Senior staff movie recommendations

Closing out the year with Senior movie recommendations.

It is time to bid adieu to the senior class of 2022. The graduating class this year has certainly grappled with a lot along the way. We were restless and senseless, with no idea how the rest of our high school careers would unfold due to the pandemic. During that free time, a lot of us watched movies to pass the time. Newspaper graduating seniors look back on what some of their favorite films are, and why they recommend that everyone should see them at least once. 

Ariel Gill-Ehrenreich is our editor-in-chief this year at Crossed Sabres. Her first recommendation is “50 First Dates,” a romantic comedy that stars Adam Sandler, who Gill-Ehrenreich calls an “actor of our generation.” The story follows a man on a quest to make a woman fall for him, the catch being that her memory only lasts a day. Thus, every morning, he must woo her again while also convincing her family and friends that he is in it for love. Gill-Ehrenreich admits it is extremely implausible and perhaps even questionable.

“Is it moral to chain a person with severe dementia to a family life?” Gill-Ehrenreich asked.

“It’s not really daring or profound in the slightest—not to mention highly predictable— but none of this stops me from loving it,” Gill-Ehrenreich said.

Undeniably, Gill-Ehrenreich’s comfort movie is “50 First Dates,” as her favorite genre is “comedy and drama combined into a bittersweet laugh/cry-fest.” The film is not a psychiatric docudrama, but it does provide a premise that works for this kind of lighthearted romantic comedy. “50 First Dates” is mostly silly, but it does a good job of it.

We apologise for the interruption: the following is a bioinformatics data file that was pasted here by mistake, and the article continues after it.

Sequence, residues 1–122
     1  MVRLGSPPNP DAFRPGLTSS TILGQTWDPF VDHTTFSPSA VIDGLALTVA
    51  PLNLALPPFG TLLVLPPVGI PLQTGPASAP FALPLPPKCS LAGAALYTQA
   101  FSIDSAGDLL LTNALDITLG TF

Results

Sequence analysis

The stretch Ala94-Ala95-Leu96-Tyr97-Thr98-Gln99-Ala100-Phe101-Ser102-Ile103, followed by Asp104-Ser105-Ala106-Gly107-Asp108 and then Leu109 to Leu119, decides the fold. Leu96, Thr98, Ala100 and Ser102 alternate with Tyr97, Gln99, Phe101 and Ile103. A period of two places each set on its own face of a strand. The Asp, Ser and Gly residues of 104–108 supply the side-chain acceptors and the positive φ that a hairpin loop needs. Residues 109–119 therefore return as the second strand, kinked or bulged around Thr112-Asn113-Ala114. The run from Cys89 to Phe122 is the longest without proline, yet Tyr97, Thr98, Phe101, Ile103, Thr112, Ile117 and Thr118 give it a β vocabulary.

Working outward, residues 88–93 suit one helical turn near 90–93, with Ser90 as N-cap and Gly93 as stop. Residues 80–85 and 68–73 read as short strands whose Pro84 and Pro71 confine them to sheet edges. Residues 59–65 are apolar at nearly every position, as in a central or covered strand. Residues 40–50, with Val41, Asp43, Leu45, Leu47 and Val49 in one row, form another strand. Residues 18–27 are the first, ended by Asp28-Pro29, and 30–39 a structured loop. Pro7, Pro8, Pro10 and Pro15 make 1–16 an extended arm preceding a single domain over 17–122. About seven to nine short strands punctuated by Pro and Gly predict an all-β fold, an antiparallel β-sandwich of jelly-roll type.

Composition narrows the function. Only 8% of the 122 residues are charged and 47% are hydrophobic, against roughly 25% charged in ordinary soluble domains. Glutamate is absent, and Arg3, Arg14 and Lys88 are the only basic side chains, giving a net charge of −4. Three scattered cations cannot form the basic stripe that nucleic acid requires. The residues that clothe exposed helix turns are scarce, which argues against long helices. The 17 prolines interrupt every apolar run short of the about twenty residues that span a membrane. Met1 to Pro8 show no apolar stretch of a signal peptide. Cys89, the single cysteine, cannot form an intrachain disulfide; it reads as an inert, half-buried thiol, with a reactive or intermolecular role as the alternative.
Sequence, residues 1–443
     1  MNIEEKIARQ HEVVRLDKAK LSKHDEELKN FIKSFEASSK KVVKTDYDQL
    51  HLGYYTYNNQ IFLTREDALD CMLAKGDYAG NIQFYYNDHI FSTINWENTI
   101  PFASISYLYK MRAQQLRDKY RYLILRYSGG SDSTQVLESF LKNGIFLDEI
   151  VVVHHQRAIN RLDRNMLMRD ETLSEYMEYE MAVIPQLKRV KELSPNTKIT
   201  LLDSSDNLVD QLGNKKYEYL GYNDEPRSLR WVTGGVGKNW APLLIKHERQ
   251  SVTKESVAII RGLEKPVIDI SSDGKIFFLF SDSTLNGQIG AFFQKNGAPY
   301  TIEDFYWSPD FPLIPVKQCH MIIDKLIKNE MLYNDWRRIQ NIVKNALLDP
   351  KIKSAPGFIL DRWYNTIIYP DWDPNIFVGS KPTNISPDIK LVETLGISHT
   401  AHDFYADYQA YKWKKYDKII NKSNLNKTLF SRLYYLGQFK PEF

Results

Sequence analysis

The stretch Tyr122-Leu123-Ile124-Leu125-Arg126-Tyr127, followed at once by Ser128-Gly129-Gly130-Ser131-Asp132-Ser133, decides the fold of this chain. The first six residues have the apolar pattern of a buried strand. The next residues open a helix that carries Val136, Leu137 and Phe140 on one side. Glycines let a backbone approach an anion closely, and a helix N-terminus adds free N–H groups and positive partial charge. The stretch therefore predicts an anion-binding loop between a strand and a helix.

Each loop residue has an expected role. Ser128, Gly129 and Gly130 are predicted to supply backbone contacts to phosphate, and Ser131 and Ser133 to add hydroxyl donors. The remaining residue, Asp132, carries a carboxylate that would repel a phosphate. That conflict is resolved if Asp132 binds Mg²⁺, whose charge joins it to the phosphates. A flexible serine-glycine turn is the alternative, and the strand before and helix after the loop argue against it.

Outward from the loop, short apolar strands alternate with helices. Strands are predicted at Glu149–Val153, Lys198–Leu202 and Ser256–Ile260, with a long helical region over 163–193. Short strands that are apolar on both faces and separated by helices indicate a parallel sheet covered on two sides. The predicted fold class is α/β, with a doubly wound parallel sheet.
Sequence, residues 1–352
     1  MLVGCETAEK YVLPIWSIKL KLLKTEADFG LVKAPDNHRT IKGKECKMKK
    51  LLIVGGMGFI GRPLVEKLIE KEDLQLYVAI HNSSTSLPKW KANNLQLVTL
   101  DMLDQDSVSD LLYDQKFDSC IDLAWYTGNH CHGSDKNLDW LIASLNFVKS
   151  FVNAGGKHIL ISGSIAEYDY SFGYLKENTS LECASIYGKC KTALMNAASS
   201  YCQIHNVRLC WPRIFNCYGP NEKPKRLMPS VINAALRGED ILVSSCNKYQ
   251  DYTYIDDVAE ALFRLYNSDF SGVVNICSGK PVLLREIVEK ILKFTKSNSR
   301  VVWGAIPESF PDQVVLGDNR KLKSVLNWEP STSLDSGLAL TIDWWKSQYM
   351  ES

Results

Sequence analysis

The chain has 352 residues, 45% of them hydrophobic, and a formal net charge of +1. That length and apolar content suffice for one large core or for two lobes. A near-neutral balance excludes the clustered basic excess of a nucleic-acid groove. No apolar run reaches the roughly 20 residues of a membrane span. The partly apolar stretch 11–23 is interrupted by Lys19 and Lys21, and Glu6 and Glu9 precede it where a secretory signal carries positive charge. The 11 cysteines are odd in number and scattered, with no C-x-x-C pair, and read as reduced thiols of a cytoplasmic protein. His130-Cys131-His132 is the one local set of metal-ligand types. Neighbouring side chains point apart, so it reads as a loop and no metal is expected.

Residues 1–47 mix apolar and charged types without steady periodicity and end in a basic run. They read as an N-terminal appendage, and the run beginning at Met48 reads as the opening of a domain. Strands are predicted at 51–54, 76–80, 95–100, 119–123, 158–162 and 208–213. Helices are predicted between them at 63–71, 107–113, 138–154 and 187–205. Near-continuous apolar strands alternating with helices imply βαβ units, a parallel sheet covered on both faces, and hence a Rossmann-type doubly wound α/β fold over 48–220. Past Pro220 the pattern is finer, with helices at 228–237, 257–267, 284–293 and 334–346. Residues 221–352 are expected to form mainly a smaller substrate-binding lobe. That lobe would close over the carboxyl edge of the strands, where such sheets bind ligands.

As a bonus, she also suggests the film “Mommy,” directed by Xavier Dolan. Mommy is about a single widowed mother that struggles to cope with her teenage son’s violent behavior. Gill-Ehrenreich calls it “a beautiful coming-of-age,” a frightening yet humanizing look at unfortunate circumstances with no easy solutions. Dolan delves deeply into his characters’ complicated inner landscapes, and each is meticulously crafted. Diane and Steve may be the worst mother-son combo ever, but they love each other unconditionally, regardless of how effectively they play their roles in the relationship. These are the most human of characters, afflicted by flaws yet withstanding the battle for their lives.

One of the elements in this movie that really stood out to viewers is the use of music to connect with the audience, including sentimental radio singles from a decade or more ago. At points, the music literally offers an escape in the film. When the credits roll, a song by Lana Del Rey begins to play. This makes sense as she is seen as a modern-day icon for sensualized love songs.

“‘Born to Die” by Lana Del Rey was the song he decided to end this film with, which has to be the most perfect soundtrack choice I have ever heard of,” Gill-Ehrenreich said.


Andrew Kerley is the multimedia web editor for our publication. Kerley gets his enjoyment from seeing “The Godfather” time and time again. “The Godfather” is a 1972 drama that has been widely regarded as one of the greatest films of all time. It follows the don’s youngest son, Michael (Al Pacino), who reluctantly joins the mafia; he gets immersed in the inevitable cycle of violence and betrayal. The main theme of the film revolves around the idea that you cannot escape your responsibilities or your destiny. One of the most amazing parts of the film is its heavy infusion of Italian culture and cliches while also demonstrating the depth of Italians living as American immigrants.